Women’s conference on Saturday of KMMC
Many women have been praying consistently for months for their men to be able to attend the Karoo Mighty Men Conference 2015.
Ruthi Van der Merwe who co-ordinates KMMC’s marketing with her husband Ponnie, says that her heart breaks for the mass of women that so desperately want their husbands to attend the conference.
“I receive calls and enquiries daily from woman that appeal on behalf of their men who are not attending due to financial and time constraints, or simply do not want to.
“I am talking of thousands of women, from wives to fiancés, girlfriends and daughters,” says Van der Merwe.
Edna Els, who is speaking at the Saturday women’s conference that is taking place parallel to KMMC, says women are desperate for men to fulfil their spiritual role in the family, because so often men abdicate this responsibility, not because their hearts are closed to God, but because they live and work under such a tremendous sense of pressure that they fail to put God first and let the other aspects of their lives fall into place as a result of their relationships with God.
Edna, wife of Louis Els who will present the Friday-night session at KMMC 2015, says that she often also hears testimonies from women whose husbands have to work away from their families in order to make ends meet, which forces the women to take-up the role of the leader in the home.
“When the husband comes home he is too tired to take-up his role, so there is a vacuum of men rising up and being the leaders that God has called them to be.
Insecurity in hearts of women
“There is also a tremendous insecurity in the hearts of many women, because they so desperately want their husbands to take up their leadership role that they begin nagging their spouses who are struggling to keep themselves together, never mind leading the family.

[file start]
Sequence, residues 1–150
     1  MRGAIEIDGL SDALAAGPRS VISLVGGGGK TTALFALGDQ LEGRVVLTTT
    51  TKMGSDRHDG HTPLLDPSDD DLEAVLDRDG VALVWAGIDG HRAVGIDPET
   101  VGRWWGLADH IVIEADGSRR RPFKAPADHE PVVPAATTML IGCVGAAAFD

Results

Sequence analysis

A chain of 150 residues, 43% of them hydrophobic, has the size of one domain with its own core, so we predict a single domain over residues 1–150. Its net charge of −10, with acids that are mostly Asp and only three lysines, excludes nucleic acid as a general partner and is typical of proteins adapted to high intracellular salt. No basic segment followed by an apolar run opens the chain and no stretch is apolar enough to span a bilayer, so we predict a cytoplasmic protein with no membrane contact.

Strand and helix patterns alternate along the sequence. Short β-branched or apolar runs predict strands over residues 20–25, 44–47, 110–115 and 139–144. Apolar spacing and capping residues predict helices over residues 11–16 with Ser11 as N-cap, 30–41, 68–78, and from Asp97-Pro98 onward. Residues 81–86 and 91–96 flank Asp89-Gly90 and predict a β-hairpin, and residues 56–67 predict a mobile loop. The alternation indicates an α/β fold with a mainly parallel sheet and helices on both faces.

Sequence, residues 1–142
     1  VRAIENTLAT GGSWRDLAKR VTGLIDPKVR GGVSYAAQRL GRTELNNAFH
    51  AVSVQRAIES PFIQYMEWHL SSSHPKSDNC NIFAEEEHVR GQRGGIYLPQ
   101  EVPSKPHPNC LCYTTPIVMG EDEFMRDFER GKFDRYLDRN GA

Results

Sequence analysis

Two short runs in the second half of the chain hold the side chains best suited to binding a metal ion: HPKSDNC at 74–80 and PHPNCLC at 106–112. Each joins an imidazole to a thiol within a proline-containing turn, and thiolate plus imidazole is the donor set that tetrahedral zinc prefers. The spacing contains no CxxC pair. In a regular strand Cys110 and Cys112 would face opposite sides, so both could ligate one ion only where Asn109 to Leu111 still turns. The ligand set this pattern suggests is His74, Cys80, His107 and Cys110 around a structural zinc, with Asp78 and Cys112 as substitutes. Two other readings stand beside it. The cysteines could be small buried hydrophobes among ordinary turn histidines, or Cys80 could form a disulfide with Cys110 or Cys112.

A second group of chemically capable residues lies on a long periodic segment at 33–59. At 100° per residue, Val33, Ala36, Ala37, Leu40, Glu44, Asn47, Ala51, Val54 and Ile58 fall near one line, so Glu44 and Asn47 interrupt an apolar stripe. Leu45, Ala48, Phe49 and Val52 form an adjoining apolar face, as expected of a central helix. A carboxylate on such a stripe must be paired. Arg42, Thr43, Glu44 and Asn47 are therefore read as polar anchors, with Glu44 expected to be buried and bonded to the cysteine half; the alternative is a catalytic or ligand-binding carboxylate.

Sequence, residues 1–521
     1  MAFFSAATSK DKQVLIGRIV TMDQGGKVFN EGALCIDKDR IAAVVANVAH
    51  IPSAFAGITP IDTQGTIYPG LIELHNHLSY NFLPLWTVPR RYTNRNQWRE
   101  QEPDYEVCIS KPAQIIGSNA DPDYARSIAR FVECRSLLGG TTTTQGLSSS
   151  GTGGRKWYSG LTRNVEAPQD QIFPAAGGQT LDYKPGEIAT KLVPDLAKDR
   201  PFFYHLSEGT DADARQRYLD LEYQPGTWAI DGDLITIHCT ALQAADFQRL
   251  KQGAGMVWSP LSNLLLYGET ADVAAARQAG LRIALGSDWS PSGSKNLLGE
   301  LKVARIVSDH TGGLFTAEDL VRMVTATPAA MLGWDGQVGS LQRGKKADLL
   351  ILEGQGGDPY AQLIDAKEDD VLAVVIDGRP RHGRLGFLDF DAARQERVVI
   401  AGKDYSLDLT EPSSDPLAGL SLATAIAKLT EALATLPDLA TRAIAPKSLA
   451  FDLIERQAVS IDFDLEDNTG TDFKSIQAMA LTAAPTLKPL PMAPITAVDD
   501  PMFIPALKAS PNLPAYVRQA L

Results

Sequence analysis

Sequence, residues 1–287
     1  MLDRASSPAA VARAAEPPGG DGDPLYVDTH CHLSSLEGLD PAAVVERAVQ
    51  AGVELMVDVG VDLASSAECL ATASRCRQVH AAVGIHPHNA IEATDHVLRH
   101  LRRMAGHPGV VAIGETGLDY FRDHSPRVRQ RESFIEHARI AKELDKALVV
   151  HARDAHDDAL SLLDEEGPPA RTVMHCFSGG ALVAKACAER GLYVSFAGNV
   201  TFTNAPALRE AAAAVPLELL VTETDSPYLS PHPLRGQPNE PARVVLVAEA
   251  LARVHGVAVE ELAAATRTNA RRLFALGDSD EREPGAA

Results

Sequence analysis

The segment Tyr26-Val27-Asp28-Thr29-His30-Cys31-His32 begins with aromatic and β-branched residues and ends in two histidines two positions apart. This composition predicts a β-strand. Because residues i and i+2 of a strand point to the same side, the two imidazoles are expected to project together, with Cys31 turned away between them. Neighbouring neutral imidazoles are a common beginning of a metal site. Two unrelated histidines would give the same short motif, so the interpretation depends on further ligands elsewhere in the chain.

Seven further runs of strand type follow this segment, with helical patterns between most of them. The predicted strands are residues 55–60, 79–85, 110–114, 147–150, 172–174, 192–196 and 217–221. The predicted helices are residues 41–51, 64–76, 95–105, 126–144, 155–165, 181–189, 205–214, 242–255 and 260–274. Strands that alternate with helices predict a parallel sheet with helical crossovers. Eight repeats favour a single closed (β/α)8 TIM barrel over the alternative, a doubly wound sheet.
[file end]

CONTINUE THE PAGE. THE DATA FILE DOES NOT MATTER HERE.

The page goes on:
“There is a real sense of urgency among Christian women for their husbands to take-up the role of both spiritual and material leader in the home and family,” says Els.
It is broadly accepted that much of the social, political, emotional and spiritual turmoil in our country today is the direct result of the absence of fathers who should fulfil the role as mentors and role models in the lives of their children. Thank God for the many mothers who try to stand in the gap, but God-fearing men are greatly needed to lead and be examples in all strata of society.
Els advises that the main way that women can support their husbands in re-assuming their roles as mentors, role models and loving fathers is by taking responsibility for their own happiness and wellbeing in relationship with God and not expecting their husbands to be responsible for making them happy, but instead to create a place of safety in the home where the husband feels honoured and loved in an environment of unity and oneness with his wife.
However, Els says time constraints and financial limitations on the family put a huge burden on wives who have an overwhelming heart for their children and often have to act as a buffer between their husband and children, which they should not have to do.
“The one thing I pick-up speaking to many women is that they are tired, overwhelmed and under pressure, because they are trying so hard to make things work in the family that they lose touch with their own identity and who God has made them to be.
“Many women are losing touch with their own hearts and the truth that God loves them, cares for them and has a purpose for their lives, because they are expected to be so many things for so many people.”